The word παραπίπτω is found six times in the OT, five of which are found in Ezekiel 14–22, referring exclusively to Israel’s unfaithfulness and defilement, from worshipping other gods to just simply living like God couldn’t do anything for them. The other occurrence is in Esther 6:10, where Haman is instructed not to be unfaithful to the words and actions of praise he unwittingly bestowed upon Mordecai. Given that the word is primarily used of the exiled Jews in the OT, I would hazard a guess that the NT usage of the word has a parallel meaning. In other words, this passage isn’t talking about the normal ups and downs of the life of a Christian, but a steady pattern of unfruitfulness, a lack of faith in God, and even idolatry. (We still have idolatry today, lest we think we’re off the hook.) Judah had to fall pretty far to be removed from the Promised Land and exiled to Babylon. I hope that none of you reading this have fallen that far yet, but if you have, hang on, because all hope is not yet lost.


The ἀνα- prefix of this word and the next word below means “again,” and often times will simply be translated as “re-” plus the base word meaning. The NT doesn’t have a verb for “newing” something, but the -καινίζω part comes from the adjective καινός (kainos, \keye-NAWSS\ “new”). The word is found three times in the LXX, twice in the Psalms (103:5, 104:30) and once at the end of Lamentations (5:21). In the Lamentations passage, Jeremiah says something that is particularly relevant to the Hebrews passage:

21 Restore us to yourself, Lord, that we may return;

renew our days as of old

22 unless you have utterly rejected us

and are angry with us beyond measure.

We know that Israel was eventually restored to the Promised Land, so even the Exile was not enough for God to utterly forsake his people for all time. We are, after all, in a covenant relationship with God. Paul tells Timothy in 2 Timothy 2:13, “If we are faithless, God remains faithful, for he cannot deny himself.” Just as we can’t enter heaven by good works alone, so too we cannot lose our salvation simply on the basis of evil works alone. We would pretty much have to tell God ourselves that we want nothing to do with him any more for him to grant that desire and remove the blessing of salvation.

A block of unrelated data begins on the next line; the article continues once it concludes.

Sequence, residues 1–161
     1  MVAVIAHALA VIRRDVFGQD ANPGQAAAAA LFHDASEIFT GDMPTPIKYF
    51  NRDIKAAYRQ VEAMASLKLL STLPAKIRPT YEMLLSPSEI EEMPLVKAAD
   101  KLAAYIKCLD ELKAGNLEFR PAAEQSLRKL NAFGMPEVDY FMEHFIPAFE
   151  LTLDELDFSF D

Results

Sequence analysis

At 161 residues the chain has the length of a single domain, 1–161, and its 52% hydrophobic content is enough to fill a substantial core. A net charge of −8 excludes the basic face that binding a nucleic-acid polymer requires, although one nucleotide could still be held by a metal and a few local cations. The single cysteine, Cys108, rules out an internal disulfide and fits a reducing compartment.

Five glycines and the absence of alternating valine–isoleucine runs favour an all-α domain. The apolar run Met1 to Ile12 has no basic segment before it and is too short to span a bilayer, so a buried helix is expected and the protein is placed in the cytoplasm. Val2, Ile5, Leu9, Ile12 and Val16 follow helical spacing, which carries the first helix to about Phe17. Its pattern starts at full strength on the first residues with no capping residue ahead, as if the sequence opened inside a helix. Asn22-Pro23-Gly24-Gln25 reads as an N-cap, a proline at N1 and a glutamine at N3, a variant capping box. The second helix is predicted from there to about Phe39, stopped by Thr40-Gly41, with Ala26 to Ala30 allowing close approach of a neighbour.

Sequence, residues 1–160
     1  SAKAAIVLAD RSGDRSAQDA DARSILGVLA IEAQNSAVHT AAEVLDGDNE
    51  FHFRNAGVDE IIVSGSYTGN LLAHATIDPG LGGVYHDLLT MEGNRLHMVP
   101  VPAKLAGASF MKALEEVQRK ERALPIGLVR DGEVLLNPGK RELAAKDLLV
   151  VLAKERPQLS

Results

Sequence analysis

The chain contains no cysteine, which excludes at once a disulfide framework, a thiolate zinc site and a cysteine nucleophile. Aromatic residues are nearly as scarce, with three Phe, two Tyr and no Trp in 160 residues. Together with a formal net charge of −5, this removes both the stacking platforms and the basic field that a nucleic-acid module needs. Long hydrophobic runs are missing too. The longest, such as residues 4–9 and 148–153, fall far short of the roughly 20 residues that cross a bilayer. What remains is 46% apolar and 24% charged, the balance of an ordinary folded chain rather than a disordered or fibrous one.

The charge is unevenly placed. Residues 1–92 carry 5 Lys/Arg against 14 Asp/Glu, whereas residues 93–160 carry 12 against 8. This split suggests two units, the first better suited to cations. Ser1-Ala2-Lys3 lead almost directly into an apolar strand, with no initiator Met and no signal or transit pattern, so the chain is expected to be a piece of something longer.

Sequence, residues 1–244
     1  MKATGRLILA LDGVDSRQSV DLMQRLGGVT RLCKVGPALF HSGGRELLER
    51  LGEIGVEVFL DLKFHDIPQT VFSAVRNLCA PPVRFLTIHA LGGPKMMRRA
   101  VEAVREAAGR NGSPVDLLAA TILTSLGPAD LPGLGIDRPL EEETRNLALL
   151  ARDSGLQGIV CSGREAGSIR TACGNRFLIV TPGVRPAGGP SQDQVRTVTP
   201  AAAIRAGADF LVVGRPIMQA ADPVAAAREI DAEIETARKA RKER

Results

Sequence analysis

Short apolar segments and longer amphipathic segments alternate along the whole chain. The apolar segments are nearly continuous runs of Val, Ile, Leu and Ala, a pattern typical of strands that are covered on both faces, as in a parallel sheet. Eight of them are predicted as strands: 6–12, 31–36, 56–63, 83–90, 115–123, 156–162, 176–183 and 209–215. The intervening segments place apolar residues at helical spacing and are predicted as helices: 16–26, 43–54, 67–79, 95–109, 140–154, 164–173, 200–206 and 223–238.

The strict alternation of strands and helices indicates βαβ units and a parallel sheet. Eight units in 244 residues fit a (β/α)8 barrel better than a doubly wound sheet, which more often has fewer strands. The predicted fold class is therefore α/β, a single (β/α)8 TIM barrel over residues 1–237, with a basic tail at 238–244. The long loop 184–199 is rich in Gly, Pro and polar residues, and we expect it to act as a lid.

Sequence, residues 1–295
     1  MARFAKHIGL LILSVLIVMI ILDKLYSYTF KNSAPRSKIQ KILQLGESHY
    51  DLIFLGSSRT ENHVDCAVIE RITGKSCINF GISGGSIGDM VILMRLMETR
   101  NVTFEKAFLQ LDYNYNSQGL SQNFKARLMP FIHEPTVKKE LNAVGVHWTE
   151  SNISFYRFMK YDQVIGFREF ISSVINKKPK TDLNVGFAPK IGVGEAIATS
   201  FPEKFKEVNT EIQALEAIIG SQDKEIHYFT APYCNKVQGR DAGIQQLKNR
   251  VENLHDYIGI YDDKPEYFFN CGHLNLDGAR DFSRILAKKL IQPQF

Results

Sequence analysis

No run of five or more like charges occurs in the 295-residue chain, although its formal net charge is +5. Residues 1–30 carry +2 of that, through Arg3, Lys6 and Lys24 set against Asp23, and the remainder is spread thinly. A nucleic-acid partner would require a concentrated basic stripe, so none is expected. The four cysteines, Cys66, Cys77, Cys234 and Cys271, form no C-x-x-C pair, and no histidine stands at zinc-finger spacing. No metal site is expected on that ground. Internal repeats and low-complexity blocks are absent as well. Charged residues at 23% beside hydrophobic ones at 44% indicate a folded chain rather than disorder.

A question from my friend Eric Weiss in the comments after I originally posted this prompted me to expand on this particular word. I had originally translated the word in the passive voice, “to be renewed,” admittedly because I wasn’t paying attention to the parsing of the verb. It is a present tense active infinitive. As an infinitive, the subject is “those who have fallen away.” As an active voice, it should be translated “to renew” (many translations have “brought back,” but I think “renew” is a better translation). As present tense, the focus of the action is not on the time of action so much as it is on the aspect of the action, that is, it is continuous action. The implication of this goes back to the author’s statement in 6:1 about not returning to repentance. In other words, if you want to advance in the Christian life, repenting over and over again is not the way to go. At some point, you have to decide to grow up and move on to maturity.

Since I’m on the subject of tense, the other two verbs I deal with below are also in the present tense, so the focus there is also on continuous action. If you’re continually repenting, it’s like you’re continually crucifying Christ and continually holding him up to public shame.


Protestants often give Catholics a bad rap about their view of the Eucharist, that the elements actually turn into the body and blood of Christ (the fancy word for that is transubstantiationism). Christ is recrucified in the Mass each week, so the Protestants complain. I don’t want to debate that point, because I don’t think it is profitable, and I don’t know that it is a completely accurate characterization. My point is, the only time “recrucify” is mentioned in Scripture is here in this passage, and it has nothing to do with Eucharistic theology. Those who have fallen so far so as to warrant exile (if we borrow the OT meaning of the word) after having known the enlightenment and blessings of God, must recrucify Christ to restore their salvation. But Christ, let alone anyone else, can only be crucified once. It’s impossible for him to be crucified again. But is that the author’s point here? I’ll come back to that in a moment.